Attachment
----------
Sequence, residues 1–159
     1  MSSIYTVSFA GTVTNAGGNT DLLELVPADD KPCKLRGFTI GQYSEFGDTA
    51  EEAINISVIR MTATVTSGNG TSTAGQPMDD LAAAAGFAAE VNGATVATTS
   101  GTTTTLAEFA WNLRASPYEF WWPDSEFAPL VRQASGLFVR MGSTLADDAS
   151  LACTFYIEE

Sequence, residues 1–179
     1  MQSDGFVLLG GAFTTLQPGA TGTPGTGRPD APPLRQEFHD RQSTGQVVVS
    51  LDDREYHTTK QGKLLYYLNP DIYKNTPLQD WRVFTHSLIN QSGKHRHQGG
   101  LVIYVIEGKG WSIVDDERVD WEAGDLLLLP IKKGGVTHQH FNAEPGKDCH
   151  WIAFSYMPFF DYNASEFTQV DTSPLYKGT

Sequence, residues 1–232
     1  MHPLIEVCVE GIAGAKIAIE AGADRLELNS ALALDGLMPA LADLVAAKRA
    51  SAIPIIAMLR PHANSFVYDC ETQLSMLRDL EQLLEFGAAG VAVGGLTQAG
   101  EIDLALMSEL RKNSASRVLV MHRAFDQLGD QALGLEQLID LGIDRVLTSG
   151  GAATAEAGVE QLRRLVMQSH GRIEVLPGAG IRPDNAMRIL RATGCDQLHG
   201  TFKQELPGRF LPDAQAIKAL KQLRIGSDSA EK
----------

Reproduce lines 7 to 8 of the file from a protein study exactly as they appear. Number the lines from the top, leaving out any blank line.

     1  MQSDGFVLLG GAFTTLQPGA TGTPGTGRPD APPLRQEFHD RQSTGQVVVS
    51  LDDREYHTTK QGKLLYYLNP DIYKNTPLQD WRVFTHSLIN QSGKHRHQGG